I just came from my final exam for my youth services reference course, it is good to have it over with so I can focus on the summer reading club. The questions focused on all the typical things that such reference classes do: electronic databases, reference interviews, and different types of reference materials. However, having worked the past couple of months at the reference desk in the youth services department, I know that this is really a small part of the REAL questions that we get asked.
Here are is a small sampling of the most typical information needs that people had when they came into the children’s department:
*I’m looking for my daughter/mother/father/son/small Martian
*Where are the bathrooms/drinking fountain/computers/dvds?
*Have you seen my bag/headphones/jacket?
*Do you have a copy of Diary of a Wimpy Kid/The Clique/Twilight?
The only question on the exam that came close to this was about the three types of reference interviews–saying that directional questions are not part of this–I had to add that they are probably among the most common received.
What are your most commonly asked questions?
I am still in the midst of preparing for my new job–which I start Monday–and working on my reference project. So I have more fun reference sources for my core collection–these are internet links that I think will provide good sources for directing students when working on their homework. It is always hard to know without actually trying them out on kids, but here are a few that I’ve found:
Math Forums @ Drexel:
Presidents of the United States
Factmonster Language Arts
Multimedia Grammar Glossary
Especies Fact Sheets
Windows to the Universe
All Science Fair Projects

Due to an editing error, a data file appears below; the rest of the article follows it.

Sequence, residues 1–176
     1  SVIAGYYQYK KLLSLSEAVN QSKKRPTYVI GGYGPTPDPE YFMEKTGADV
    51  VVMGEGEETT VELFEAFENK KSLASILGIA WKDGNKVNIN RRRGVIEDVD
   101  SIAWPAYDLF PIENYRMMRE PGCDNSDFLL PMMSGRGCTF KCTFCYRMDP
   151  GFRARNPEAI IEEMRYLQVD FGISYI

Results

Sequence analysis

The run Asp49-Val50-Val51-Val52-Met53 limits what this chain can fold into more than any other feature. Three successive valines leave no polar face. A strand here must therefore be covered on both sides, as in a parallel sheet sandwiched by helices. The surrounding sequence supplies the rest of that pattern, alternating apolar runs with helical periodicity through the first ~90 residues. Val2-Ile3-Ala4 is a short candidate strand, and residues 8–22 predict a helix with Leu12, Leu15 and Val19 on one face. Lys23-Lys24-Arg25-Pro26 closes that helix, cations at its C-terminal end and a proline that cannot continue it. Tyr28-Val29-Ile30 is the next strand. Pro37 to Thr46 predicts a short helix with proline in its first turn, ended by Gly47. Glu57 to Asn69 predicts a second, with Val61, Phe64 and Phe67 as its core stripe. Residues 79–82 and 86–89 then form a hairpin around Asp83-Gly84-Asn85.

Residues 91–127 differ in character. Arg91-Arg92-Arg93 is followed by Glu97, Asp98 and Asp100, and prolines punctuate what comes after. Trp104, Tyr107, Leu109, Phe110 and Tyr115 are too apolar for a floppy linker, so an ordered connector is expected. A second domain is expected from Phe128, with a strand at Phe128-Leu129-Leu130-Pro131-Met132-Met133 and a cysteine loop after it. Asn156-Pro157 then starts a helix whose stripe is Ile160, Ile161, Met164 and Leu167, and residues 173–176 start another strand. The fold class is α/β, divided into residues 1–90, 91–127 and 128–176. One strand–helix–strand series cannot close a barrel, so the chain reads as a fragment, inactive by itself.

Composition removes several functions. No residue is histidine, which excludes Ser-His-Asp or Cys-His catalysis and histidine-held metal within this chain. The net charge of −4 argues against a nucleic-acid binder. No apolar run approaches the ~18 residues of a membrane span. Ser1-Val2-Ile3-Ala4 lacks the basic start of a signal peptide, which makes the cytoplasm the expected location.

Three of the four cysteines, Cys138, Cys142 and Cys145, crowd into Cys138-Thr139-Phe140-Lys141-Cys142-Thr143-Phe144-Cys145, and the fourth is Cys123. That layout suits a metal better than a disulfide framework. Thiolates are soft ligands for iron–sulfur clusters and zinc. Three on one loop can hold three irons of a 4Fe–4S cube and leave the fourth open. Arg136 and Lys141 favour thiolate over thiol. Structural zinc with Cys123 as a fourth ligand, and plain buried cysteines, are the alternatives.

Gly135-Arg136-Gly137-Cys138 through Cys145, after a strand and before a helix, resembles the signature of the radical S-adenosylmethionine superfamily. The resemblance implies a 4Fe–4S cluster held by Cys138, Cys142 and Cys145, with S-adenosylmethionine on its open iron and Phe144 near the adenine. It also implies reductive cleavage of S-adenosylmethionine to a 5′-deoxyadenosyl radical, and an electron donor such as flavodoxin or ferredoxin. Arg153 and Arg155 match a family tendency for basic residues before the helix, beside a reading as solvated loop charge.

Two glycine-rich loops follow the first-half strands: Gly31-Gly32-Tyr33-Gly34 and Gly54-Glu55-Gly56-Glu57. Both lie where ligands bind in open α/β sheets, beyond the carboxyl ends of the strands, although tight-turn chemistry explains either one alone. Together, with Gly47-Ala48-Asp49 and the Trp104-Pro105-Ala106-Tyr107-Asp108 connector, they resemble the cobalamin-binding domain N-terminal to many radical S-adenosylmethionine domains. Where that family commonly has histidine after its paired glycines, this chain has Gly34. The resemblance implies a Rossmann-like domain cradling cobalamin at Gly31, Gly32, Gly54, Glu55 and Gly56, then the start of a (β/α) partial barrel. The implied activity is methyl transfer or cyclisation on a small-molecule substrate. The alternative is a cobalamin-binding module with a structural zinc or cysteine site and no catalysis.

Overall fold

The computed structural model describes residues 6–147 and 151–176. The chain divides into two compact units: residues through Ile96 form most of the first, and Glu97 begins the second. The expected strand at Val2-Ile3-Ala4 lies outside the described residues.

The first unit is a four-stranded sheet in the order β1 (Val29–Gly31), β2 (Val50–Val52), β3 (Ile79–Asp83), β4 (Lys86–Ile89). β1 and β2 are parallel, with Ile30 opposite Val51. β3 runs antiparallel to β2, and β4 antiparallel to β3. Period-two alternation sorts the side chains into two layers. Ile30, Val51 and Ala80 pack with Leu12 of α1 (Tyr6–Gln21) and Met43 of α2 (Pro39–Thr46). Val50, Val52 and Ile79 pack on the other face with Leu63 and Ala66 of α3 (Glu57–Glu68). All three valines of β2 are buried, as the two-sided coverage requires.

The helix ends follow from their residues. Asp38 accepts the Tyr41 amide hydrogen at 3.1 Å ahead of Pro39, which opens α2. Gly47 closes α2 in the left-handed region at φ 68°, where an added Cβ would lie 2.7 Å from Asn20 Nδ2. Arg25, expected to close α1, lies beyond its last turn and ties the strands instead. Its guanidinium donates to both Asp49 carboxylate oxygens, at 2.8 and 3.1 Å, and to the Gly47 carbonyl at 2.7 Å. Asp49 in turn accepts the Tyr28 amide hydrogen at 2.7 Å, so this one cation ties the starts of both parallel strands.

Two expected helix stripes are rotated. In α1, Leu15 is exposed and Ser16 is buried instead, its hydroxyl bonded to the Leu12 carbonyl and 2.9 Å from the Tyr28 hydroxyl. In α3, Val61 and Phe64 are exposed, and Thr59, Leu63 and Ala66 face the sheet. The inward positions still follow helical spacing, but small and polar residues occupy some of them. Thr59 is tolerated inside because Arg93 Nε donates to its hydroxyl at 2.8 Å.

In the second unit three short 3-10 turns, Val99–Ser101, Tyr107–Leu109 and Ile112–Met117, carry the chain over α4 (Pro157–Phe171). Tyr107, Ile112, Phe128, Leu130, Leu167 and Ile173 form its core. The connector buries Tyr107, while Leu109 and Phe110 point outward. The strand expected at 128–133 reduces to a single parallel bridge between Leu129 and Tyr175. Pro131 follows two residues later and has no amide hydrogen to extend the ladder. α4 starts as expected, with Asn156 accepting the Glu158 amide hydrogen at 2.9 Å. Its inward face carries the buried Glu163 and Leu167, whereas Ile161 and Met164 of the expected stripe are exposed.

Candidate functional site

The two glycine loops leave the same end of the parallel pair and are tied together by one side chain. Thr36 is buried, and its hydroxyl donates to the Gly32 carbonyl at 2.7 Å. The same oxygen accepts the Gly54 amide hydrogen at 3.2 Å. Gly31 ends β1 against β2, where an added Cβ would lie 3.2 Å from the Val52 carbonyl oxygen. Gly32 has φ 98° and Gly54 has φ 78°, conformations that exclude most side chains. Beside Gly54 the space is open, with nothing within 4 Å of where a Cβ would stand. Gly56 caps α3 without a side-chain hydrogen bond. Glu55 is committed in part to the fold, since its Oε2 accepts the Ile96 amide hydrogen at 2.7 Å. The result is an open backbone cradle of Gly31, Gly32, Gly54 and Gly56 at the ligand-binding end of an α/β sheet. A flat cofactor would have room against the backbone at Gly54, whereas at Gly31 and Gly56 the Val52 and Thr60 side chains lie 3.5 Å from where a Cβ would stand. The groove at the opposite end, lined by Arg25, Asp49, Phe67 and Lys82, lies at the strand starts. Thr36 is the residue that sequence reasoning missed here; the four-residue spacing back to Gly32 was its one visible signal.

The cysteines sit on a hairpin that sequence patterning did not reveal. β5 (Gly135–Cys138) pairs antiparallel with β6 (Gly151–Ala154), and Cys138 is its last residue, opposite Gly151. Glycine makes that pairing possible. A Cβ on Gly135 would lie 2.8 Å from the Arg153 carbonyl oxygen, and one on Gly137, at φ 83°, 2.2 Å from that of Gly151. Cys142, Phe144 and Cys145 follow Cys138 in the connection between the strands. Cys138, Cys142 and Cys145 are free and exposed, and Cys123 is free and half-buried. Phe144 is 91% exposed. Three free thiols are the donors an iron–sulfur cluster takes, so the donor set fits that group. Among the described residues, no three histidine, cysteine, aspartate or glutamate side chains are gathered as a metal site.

The World Factbook
Ben’s Guide to U.S. Government for Kids
I’m currently taking a four week class called “Reference Services for Youth” and our main project is to create a core reference collection of about 30-34 works both print, electronic, and hopefully audio visual. Personally, I am not sure of what the professor means by “reference” as she sometimes seems to refer to all non-fiction books and other times to refer to a distinct sub-set of non-fiction. Regardless, I am finding this particular assignment to be very helpful, and am creating a core reference collection for the homework help center.
Since the homework help center is a distinct area within a larger branch, it doesn’t need a full complement of reference materials. Students can bring reference materials into the center from other parts of the library, and certainly if there was a project that all the students were working on that needed a specific set of books, we could move them temporarily into the center. This said, there are some basic print reference materials that we could keep in the center for use of the students.
In deciding which materials to include, I’m trying to select works that can be used by the broadest range of students in the largest amount of projects. Since the library system has a lot of amazing databases, I will work on marketing those as well.
Here is the tentative list:
Random House Webster’s unabridged dictionary 2005 423 R1948r2, 2005
Macmillan dictionary for children 2007 423 M16, 2007
The American heritage student thesaurus 2007 423.1 H477s, 2007
The Facts on File dictionary of mathematics 2005 510.3 F142f4
Larousse French-English, English-French dictionary 2007 443.21 L332, 2007
Bilingual visual dictionary – French 2005 443.21 B595
Collins Spanish dictionary 2006 463.21 C7123c3
Grammar essentials 2006 428.2 G7451g3
Ready, set, write! :a student writer’s handbook for school and home 808.02 R287
The World Book Encyclopedia 2008 031 W92, 2008 Almanacs
The World almanac and book of facts 2008 031.02 W927
The world almanac for kids” 2008 031.02 W9273
“School atlas–DK” 2007 912 S421s, 2007 Historical Works
Opposing viewpoints in American history 2007 973 OPP
This is just a start–I’m still thinking that I’d like a general science reference work, but I’m undecided on what would be general enough for the largest variety of students and assignments and not take up too much shelf space. In case you are wondering about the two French dictionaries, we have two French immersion schools in our service area, both k-8, so it seemed reasonable.